•    Most flowers can keep blooming throughout August if deadheaded properly. Pinch spent flowers, or use a hand pruner / scissors to cut the stems. Cut back any yellowed or leggy plants. Then feed with a well-diluted fish emulsion or side dress with compost.

Aunt Owwee via Flickr

•    Continue to plant zinnias and nasturtiums. Keep an eye on fungal diseases popping up, if you have had a combination of heavy rains and high temps.
•    Zinnia seeds will have time to give you a nice show of color before the end of the season. They are drought tolerant, but can be prone to fungal infections if they receive too much water. If there is a high side of a bed, this is where you should plant the zinnias.
•    Take cuttings of those beautiful coleus in your garden to start new plants for inside your home. Cut the stems below the third set of leaves, at an angle. Remove all but the top set of leaves, and place in a clear container with fresh water. After a hearty set of roots has formed, use rooting hormone to dip the rooted stem into and then plant in a clean pot with fresh, moistened potting soil, sand or perlite.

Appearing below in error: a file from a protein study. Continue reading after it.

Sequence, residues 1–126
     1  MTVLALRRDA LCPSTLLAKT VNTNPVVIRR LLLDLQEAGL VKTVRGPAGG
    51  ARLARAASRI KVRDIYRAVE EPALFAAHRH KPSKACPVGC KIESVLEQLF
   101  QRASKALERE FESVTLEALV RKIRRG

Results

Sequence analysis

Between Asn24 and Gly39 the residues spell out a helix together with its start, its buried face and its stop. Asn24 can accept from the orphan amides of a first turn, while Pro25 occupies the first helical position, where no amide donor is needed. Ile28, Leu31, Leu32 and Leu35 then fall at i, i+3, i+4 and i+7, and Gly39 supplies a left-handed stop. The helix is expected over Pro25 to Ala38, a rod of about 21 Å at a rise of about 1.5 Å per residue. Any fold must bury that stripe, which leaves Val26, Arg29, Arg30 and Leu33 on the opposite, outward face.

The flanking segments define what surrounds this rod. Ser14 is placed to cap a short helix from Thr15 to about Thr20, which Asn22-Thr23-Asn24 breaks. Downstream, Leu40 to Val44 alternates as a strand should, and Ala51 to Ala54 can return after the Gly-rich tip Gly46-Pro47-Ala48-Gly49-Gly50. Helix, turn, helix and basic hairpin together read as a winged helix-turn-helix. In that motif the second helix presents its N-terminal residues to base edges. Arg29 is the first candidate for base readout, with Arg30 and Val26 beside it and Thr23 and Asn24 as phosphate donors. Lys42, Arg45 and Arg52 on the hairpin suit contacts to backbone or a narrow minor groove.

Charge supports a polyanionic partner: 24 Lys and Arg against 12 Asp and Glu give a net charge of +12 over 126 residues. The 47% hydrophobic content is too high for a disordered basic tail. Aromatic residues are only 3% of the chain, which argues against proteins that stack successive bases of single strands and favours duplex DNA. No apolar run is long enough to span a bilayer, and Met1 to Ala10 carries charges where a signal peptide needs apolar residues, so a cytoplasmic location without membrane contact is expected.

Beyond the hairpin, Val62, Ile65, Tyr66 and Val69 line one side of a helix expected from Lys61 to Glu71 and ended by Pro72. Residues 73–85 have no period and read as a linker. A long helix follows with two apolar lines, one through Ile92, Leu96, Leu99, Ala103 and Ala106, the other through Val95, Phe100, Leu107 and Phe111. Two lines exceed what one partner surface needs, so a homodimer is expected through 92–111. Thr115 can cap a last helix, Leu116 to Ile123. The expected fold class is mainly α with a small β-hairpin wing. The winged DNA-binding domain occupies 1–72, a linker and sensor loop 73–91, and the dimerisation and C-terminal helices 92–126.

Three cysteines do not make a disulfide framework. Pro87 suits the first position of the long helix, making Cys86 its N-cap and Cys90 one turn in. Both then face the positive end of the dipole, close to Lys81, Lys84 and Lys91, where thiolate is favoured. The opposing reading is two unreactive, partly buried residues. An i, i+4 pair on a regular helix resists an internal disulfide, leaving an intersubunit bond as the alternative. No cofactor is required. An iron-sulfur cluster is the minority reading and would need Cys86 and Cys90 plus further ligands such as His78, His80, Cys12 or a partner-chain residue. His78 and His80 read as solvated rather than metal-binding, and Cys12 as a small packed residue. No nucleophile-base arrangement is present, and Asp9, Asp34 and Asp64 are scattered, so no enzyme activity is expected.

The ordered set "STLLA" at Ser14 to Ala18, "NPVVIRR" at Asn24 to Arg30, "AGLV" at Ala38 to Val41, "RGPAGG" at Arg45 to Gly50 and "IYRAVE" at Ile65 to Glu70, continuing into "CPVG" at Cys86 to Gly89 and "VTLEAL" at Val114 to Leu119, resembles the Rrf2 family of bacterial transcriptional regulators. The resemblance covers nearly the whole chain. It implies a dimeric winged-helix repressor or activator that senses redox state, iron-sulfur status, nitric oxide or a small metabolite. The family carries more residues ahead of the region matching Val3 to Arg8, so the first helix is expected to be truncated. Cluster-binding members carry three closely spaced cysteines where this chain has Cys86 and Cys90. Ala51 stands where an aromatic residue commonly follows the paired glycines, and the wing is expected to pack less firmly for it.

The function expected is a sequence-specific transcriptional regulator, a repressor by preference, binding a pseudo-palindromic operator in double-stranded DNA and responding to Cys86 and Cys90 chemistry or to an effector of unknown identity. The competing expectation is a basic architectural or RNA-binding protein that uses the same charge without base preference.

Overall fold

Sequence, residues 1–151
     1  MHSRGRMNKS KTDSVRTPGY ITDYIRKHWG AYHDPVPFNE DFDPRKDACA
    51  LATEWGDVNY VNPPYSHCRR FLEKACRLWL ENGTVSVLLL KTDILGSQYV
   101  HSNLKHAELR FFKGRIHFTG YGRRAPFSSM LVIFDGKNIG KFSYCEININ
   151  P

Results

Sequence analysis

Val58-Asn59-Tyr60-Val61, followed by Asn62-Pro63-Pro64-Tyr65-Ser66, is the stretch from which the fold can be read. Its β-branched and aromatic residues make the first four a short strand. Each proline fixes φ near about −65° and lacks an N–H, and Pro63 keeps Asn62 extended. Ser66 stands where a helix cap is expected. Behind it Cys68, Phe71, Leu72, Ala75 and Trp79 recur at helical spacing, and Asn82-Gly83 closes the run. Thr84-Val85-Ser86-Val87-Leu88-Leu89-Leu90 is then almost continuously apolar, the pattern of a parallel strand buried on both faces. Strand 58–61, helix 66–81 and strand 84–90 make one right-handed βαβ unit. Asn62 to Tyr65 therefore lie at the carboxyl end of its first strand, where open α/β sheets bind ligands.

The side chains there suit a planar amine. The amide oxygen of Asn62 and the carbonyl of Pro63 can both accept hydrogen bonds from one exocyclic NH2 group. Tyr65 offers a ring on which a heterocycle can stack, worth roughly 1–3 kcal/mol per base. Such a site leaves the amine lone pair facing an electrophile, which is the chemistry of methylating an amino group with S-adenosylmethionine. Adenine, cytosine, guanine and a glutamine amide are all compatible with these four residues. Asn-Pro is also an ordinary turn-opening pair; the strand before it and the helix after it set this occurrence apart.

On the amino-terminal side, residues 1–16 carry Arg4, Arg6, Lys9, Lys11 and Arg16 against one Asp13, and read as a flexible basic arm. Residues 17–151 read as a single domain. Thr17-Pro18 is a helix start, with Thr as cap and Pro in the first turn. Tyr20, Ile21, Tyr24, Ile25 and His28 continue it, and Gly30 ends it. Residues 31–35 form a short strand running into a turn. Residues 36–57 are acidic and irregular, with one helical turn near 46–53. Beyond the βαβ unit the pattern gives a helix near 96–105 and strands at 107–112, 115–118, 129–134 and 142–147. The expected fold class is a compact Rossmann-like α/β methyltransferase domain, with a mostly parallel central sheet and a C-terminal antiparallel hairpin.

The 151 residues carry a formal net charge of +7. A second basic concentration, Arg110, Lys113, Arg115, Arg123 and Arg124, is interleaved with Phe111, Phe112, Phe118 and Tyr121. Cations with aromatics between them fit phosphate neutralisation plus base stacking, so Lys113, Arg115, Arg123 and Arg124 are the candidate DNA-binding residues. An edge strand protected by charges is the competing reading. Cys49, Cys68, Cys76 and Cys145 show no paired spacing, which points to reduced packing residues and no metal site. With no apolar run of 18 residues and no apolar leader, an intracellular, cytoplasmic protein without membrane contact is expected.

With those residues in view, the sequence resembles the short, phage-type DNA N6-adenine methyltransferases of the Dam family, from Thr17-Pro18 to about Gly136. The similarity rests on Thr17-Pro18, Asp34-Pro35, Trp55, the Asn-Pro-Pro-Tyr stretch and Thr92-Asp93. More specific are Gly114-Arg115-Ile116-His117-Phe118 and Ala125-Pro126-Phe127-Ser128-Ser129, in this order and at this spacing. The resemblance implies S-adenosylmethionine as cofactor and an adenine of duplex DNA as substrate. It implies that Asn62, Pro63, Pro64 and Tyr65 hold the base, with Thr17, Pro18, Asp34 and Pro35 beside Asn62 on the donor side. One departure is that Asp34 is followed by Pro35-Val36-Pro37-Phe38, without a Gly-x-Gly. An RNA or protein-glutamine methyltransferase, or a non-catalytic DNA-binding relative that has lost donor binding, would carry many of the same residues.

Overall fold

•    Many perennial plants, after several seasons, will begin to die out in the center. Dividing perennial plants gives you healthier, longer lived plants, plus some to share with friends or move around your own garden. Keep an eye out for clumps that have grown 2-3 times their size within 2-5 years. These are your best choices for division. Divide your perennials, this month, in the coolest hours of the day. Amend your soil, with compost, for the new transplants and the remaining ones. Thoroughly water in.
•    Plan for next spring and summer by ordering bulbs and rhizomes to be
planted this fall. They usually ship in August through November.
•    Now is the time to think about that bed of daffodils you want for next spring. Till the bed deeply, add compost and plant with a ground cover like ajuga or pachysandra. When your bulbs come in and it’s time to plant, slide a shovel, or trowel, down as deep as you want the bulb and pull back the soil, drop in the bulb and pull out the shovel, and cover with soil. You won’t disturb your ground cover at all.
•    Start saving seeds from hostas and lilies. If your area receives a lot of rain, watch for snails and fungus occurring in the hosta beds.
•    Watch for spider mites! They love hot dry weather. An easy way to eliminate them from the garden is with a strong blast of water from the garden hose. Make sure to blast the underside of the leaves.